CALGARY – Councillor Brian Pincott was in Winnipeg for the opening of the Human Rights Museum when he snapped a photo of a candy shop.
He captioned the photo, “I think I may have found Winnipeg['s] famous Gay bar district.”
Pincott, now serving his third term on council, has been openly supportive of the gay community.
That’s why, for many, the joke came across as harmless.
“I laughed and thought, oh that’s funny Brian. I thought it was humorous,” says Jonathan Brower with Third Street Theatre, a queer production company in Calgary.
“I feel like he has an in, he knows the type of humour that goes on. Immediately as a gay man reading that tweet…There are way bigger fish to fry and I don’t think this is a fish to fry. This is an ally to help with diversity. I think it’s blown out of proportion.”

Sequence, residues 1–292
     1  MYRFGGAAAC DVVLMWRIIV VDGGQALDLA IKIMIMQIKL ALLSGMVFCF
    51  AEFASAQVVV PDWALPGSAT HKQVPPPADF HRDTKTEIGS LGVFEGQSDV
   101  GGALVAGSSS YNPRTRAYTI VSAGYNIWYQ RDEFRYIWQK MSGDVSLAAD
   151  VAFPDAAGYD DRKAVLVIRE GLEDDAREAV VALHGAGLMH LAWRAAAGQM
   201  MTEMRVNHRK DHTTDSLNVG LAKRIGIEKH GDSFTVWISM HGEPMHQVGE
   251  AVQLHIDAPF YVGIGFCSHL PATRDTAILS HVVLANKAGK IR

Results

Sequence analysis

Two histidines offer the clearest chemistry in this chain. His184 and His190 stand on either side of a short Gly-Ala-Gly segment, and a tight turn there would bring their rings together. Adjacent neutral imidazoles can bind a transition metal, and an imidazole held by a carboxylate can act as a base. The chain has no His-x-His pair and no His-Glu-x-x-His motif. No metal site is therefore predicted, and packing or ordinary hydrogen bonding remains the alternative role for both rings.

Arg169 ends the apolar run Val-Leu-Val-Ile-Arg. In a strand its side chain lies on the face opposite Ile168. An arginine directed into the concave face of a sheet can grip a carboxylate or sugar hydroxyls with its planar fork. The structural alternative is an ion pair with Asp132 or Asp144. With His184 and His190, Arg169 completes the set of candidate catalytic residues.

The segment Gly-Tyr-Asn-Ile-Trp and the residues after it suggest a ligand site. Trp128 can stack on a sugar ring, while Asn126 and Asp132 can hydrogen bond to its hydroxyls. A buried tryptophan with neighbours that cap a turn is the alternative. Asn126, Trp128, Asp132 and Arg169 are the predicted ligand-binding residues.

Others disagree, calling it a tactless joke that’s in bad taste.
“If you wanna joke about this in your living room that’s your right, but your twitter is your public life now if you’re a politician,” says James Demers, an activist in Calgary’s gay community.
“When you’re talking about marginalized communities from a position of power and authority it’s not a joke. These are his constituents. I understand sarcasm and humor… but this betrays an overall attitude of dismissal towards a community that is still fighting in huge ways to be recognized.”
Brian Pincott was in Haiti and not available for an interview Wednesday. He responded through twitter saying he has no regrets. He also forwarded more tweets of support.
Despite those endorsing comments, others suggest there’s a lack of context in limited characters.
“Is it homophobic? Is it a joke? Is it bad humour? Sarcasm? We’re not sure,” says Dr. Kristopher Wells with the Institute of Sexual Minority Studies and Services.
“If people don’t know background of the councillor or his views on LGBTQ, a vacuum is created – one the public will fill. That’s the problem with tweets with no context. They can perpetuate a harmful stereotype.”
Pincott has not removed the tweet.